Sunday, 24 March 2019

Yarn Review: Amigurumi + Exciting News

Can you guess what these are?
Two columns of black rectangular crocheted shapes with two threads leading from the outside edges of each shape towards the sides of the picture which is cropped.
This next photo has a clue:
Twelve black rectangular shapes in a semi circle. A beeswax candle in the shape of a beehive is in the centre of the circle.  Yarn threads lead away from the centre.

They are the bees’ knees!   

Not just one bee, but two, all thanks to Red Heart Amigurumi yarn, distributed in Australia by Melbourne-based business American Yarns.

Two crocheted round smiley faces of crocheted bees. Left: black face with silver features and silver wings above.  Right: a yellow round face with black features and white wings above. Underneath and to the sides of the faces are black legs.
I’m very excited to announce collaboration with Pauline and her team at American Yarns who sent me some Red Heart Amigurumi yarn to review.  While I am being remunerated for providing this review, my opinions expressed here remain independent and honest.
Three skeins of Amigurumi yarn arranged in an inverted triangle.  The two top corners have Amigurumi yarn in Bumble Bee colour: a combination of yellow, black, silver and white.  The bottom point has Mermaid colour: a combination of teal, peach, red and purple.  The labels are white with red edges and a Red Heart logo. Each label had a photograph of a knitted amigurumi project - two bees on Bumble Bee and two Mermaid dolls on Mermaid variety.
Red Heart Amigurumi
'Bumble Bee' & 'Mermaid'

RedHeart’s Amigurumi is a super fine (CYC #1*), 100% acrylic especially designed for projects needing small amounts of yarn in each colour like toys and amigurumi.  Each 100 gram ‘cake’ consists of 4 solid colour blocks with 25 g (54.6 metres) of each colour. Use it as a self-striping yarn for colour blocked projects or use each colour separately. It’s like 4 mini-skeins in one!

Amigurumi is convenient for collecting different colours in small amounts and if you need confidence combining colours, the work has all been done for you in one skein. The ‘cakes’ were surprisingly flat– all the better to see all the colours (and easier to post).  One skein of every colour variety would give you around 20 different colours.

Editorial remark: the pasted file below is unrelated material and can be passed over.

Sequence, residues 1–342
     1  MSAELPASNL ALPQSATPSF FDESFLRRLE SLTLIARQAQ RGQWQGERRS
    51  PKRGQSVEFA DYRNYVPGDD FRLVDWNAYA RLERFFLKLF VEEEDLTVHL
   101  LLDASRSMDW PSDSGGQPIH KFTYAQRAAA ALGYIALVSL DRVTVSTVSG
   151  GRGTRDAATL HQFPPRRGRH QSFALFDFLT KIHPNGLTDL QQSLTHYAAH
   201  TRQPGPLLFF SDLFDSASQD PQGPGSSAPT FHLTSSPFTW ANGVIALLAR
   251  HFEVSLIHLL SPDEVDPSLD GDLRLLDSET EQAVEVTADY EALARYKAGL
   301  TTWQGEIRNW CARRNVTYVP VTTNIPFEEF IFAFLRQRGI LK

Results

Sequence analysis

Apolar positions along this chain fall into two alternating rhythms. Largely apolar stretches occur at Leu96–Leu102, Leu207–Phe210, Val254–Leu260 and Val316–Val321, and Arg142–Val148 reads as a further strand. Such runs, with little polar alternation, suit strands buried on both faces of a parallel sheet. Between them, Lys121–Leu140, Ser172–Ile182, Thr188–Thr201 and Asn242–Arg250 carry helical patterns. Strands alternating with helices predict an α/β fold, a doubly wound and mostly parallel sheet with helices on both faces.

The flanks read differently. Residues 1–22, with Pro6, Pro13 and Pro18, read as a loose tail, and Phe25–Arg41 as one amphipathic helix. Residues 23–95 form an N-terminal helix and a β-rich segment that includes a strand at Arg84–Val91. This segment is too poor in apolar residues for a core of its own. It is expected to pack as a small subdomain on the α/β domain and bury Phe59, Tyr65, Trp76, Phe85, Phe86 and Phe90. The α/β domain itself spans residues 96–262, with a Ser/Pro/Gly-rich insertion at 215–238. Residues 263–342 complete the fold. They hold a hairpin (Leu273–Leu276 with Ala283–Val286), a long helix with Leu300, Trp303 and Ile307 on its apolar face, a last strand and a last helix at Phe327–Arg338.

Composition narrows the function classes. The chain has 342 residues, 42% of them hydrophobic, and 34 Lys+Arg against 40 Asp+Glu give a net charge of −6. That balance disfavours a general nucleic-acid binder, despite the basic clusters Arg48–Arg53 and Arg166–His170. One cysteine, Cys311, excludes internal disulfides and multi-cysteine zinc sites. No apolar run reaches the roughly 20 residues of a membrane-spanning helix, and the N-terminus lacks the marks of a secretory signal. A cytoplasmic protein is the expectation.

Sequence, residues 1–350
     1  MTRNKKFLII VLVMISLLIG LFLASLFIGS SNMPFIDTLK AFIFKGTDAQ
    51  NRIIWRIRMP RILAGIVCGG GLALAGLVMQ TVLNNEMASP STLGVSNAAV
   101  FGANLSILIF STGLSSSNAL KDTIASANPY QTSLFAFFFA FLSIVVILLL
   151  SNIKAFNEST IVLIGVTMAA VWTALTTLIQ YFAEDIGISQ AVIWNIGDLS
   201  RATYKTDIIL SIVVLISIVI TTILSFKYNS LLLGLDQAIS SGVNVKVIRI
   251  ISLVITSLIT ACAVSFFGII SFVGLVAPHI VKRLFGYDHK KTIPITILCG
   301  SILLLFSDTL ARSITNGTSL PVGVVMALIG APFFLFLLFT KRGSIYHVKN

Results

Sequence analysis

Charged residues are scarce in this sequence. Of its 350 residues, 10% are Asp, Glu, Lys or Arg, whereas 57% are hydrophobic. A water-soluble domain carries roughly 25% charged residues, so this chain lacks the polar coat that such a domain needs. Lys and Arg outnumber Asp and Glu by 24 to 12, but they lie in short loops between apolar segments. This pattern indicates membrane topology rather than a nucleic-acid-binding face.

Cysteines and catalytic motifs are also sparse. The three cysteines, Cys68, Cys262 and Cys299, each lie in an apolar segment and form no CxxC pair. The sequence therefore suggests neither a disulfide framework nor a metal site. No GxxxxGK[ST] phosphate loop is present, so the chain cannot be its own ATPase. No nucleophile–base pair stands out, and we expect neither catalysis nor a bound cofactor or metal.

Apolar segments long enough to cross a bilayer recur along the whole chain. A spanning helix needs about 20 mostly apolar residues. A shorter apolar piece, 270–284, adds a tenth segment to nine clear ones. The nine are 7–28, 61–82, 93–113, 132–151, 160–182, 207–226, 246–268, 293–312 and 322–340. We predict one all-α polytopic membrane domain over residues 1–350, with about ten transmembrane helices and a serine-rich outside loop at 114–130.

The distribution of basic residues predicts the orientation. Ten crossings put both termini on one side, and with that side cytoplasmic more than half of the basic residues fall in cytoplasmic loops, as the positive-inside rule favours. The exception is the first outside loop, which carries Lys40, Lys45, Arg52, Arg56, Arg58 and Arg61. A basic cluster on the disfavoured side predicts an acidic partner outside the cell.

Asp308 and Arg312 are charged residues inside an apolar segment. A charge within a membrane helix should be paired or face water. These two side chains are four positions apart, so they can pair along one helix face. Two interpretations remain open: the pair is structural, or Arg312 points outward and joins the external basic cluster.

Three flat cakes of Amigurumi yarn stacked together for postage withe a rule underneath to show how flat they are.
The 'cakes' were very flat.

My first impression of the yarn was amazement – it felt so soft!  It is much easier on the hands than 4-ply cottons which don’t have as much ‘give’.  If you have been avoiding amigurumi projects because cotton is too tight or rough, Amigurumi might be your perfect alternative.

I wonder whether this yarn is aimed at younger people because I had a lot of trouble with the teeny tiny writing on the label. Even with my reading glasses, I had to reach for my magnifying glass as well. This probably tells you more about my failing eyesight than the product! 

I suppose crocheters who make tiny amigurumi projects in fine yarn can also read small text however I was impressed that it was multi-lingual (English, French and Spanish). All the necessary technical information is there including lot numbers.  (I am very dubious of yarns that do not have lot numbers.)

The team at American Yarns are yarn crafters themselves. They know the importance of matching dye lots when preparing your orders.  I received 2 skeins of ‘Bumble Bee’ and 1 skein of ‘Mermaid’ to try.  For each colour variety, Red Heart provides a free amigurumi pattern in either knit or crochet on its website. Guess which ones I chose (crochet of course)!

Each cake has ample yarn to make two amigurumi toys. The catchphrase is “each one makes two.”  I made two bumble bees per the pattern and I reckon I could get a third bee out of the remaining yarn.

Side views of the two bees. The yellow-faced, white-winged bee on the left and black-faced, silver-winged bee on the right, facing each other.
'Henry & Honey Bumblebee'
Pattern designed by Michelle Wilcox and published by Red Heart 2018
Crocheted by Jodiebodie!

This is the first time I’ve ever used a 4-ply weight yarn in acrylic because most Australian shops only stock 4-ply weights in cotton or wool.  This is part of the reason Pauline, a fellow crocheter, started American Yarns – to make these yarns available in Australia and give Australian yarn crafters more choice, especially those with allergies to natural fibres.

The softness of this yarn was quite surprising for an acrylic. It’s loose, triple-plied acrylic fibres made it ‘lofty’. When pulling the yarn through stitches, it became thinner under tension but when the stitch was done, the fibres sprung back to their original thickness, covering up any gaps in the stitches, making the fabric more solid – perfect for preventing the stuffing from leaking out of toys etc.  I didn’t need to crochet as tightly as I was used to doing with fine cottons and my hands were happier.